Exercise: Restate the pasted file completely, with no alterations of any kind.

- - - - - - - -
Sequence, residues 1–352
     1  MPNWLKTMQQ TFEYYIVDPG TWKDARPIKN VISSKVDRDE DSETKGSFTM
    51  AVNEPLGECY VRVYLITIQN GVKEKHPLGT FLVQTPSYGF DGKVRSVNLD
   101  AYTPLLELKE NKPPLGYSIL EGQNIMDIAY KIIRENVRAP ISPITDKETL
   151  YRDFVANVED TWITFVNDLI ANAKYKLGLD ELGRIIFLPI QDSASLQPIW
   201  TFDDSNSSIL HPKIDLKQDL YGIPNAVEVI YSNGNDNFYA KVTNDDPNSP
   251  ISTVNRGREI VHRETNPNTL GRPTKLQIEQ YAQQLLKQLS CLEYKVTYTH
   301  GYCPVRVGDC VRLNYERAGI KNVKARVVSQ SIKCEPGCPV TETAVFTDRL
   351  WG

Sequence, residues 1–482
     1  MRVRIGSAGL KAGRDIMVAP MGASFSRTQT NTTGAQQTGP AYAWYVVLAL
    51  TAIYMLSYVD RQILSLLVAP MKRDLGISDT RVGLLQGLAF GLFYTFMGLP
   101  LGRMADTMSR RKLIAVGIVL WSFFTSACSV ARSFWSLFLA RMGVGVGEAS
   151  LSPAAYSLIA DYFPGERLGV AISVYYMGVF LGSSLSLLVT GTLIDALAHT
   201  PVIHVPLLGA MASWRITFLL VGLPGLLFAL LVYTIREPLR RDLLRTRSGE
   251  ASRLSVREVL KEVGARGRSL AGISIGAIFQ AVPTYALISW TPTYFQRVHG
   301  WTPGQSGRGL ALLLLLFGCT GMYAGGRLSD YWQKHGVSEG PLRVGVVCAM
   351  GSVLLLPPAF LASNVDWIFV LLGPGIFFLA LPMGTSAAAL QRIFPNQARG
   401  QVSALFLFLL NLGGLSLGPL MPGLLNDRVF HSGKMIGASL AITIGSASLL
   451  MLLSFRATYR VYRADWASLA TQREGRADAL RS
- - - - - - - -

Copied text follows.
Sequence, residues 1–352
     1  MPNWLKTMQQ TFEYYIVDPG TWKDARPIKN VISSKVDRDE DSETKGSFTM
    51  AVNEPLGECY VRVYLITIQN GVKEKHPLGT FLVQTPSYGF DGKVRSVNLD
   101  AYTPLLELKE NKPPLGYSIL EGQNIMDIAY KIIRENVRAP ISPITDKETL
   151  YRDFVANVED TWITFVNDLI ANAKYKLGLD ELGRIIFLPI QDSASLQPIW
   201  TFDDSNSSIL HPKIDLKQDL YGIPNAVEVI YSNGNDNFYA KVTNDDPNSP
   251  ISTVNRGREI VHRETNPNTL GRPTKLQIEQ YAQQLLKQLS CLEYKVTYTH
   301  GYCPVRVGDC VRLNYERAGI KNVKARVVSQ SIKCEPGCPV TETAVFTDRL
   351  WG

Sequence, residues 1–482
     1  MRVRIGSAGL KAGRDIMVAP MGASFSRTQT NTTGAQQTGP AYAWYVVLAL
    51  TAIYMLSYVD RQILSLLVAP MKRDLGISDT RVGLLQGLAF GLFYTFMGLP
   101  LGRMADTMSR RKLIAVGIVL WSFFTSACSV ARSFWSLFLA RMGVGVGEAS
   151  LSPAAYSLIA DYFPGERLGV AISVYYMGVF LGSSLSLLVT GTLIDALAHT
   201  PVIHVPLLGA MASWRITFLL VGLPGLLFAL LVYTIREPLR RDLLRTRSGE
   251  ASRLSVREVL KEVGARGRSL AGISIGAIFQ AVPTYALISW TPTYFQRVHG
   301  WTPGQSGRGL ALLLLLFGCT GMYAGGRLSD YWQKHGVSEG PLRVGVVCAM
   351  GSVLLLPPAF LASNVDWIFV LLGPGIFFLA LPMGTSAAAL QRIFPNQARG
   401  QVSALFLFLL NLGGLSLGPL MPGLLNDRVF HSGKMIGASL AITIGSASLL
   451  MLLSFRATYR VYRADWASLA TQREGRADAL RS